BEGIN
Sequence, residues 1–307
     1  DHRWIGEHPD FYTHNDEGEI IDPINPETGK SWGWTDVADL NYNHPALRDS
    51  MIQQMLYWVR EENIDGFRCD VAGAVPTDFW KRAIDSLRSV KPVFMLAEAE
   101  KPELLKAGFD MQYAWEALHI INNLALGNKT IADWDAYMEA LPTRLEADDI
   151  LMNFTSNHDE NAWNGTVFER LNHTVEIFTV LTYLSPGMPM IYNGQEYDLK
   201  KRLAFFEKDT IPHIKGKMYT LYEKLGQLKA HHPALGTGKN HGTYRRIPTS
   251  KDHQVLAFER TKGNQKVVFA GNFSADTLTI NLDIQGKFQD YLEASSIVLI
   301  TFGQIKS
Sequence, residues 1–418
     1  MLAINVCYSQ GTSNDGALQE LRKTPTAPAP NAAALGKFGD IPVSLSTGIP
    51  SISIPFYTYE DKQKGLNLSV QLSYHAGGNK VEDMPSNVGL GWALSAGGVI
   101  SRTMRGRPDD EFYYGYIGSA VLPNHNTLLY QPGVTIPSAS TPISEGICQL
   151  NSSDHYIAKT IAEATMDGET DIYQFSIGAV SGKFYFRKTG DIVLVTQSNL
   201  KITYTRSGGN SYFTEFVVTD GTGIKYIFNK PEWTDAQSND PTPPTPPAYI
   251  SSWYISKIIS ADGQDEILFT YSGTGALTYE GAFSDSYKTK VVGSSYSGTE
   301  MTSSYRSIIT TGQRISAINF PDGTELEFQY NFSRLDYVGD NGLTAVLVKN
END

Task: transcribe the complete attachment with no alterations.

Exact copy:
Sequence, residues 1–307
     1  DHRWIGEHPD FYTHNDEGEI IDPINPETGK SWGWTDVADL NYNHPALRDS
    51  MIQQMLYWVR EENIDGFRCD VAGAVPTDFW KRAIDSLRSV KPVFMLAEAE
   101  KPELLKAGFD MQYAWEALHI INNLALGNKT IADWDAYMEA LPTRLEADDI
   151  LMNFTSNHDE NAWNGTVFER LNHTVEIFTV LTYLSPGMPM IYNGQEYDLK
   201  KRLAFFEKDT IPHIKGKMYT LYEKLGQLKA HHPALGTGKN HGTYRRIPTS
   251  KDHQVLAFER TKGNQKVVFA GNFSADTLTI NLDIQGKFQD YLEASSIVLI
   301  TFGQIKS
Sequence, residues 1–418
     1  MLAINVCYSQ GTSNDGALQE LRKTPTAPAP NAAALGKFGD IPVSLSTGIP
    51  SISIPFYTYE DKQKGLNLSV QLSYHAGGNK VEDMPSNVGL GWALSAGGVI
   101  SRTMRGRPDD EFYYGYIGSA VLPNHNTLLY QPGVTIPSAS TPISEGICQL
   151  NSSDHYIAKT IAEATMDGET DIYQFSIGAV SGKFYFRKTG DIVLVTQSNL
   201  KITYTRSGGN SYFTEFVVTD GTGIKYIFNK PEWTDAQSND PTPPTPPAYI
   251  SSWYISKIIS ADGQDEILFT YSGTGALTYE GAFSDSYKTK VVGSSYSGTE
   301  MTSSYRSIIT TGQRISAINF PDGTELEFQY NFSRLDYVGD NGLTAVLVKN